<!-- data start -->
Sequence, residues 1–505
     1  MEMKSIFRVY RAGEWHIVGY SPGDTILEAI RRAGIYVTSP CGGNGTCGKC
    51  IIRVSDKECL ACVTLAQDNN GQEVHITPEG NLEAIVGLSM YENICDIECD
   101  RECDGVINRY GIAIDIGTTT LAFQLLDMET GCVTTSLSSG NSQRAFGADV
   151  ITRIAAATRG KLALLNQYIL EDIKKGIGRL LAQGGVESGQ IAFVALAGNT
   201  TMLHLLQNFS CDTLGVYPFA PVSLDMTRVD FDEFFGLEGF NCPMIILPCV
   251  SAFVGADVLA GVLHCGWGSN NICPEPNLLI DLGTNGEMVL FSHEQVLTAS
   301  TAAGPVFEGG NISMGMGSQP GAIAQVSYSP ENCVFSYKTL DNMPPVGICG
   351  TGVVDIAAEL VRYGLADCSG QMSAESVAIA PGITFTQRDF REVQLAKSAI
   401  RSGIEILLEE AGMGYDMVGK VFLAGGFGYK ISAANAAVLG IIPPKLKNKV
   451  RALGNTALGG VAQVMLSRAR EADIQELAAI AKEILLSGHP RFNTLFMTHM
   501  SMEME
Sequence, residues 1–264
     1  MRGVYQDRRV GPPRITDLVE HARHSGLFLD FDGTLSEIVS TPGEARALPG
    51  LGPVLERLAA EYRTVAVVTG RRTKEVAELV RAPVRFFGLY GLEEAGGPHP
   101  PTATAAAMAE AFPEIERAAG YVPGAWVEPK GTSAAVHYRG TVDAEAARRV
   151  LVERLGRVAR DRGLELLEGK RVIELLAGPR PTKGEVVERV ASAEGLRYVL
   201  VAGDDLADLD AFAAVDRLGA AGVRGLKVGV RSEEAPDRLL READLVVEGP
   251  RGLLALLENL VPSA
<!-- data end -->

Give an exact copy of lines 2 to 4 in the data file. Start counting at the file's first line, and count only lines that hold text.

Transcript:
     1  MEMKSIFRVY RAGEWHIVGY SPGDTILEAI RRAGIYVTSP CGGNGTCGKC
    51  IIRVSDKECL ACVTLAQDNN GQEVHITPEG NLEAIVGLSM YENICDIECD
   101  RECDGVINRY GIAIDIGTTT LAFQLLDMET GCVTTSLSSG NSQRAFGADV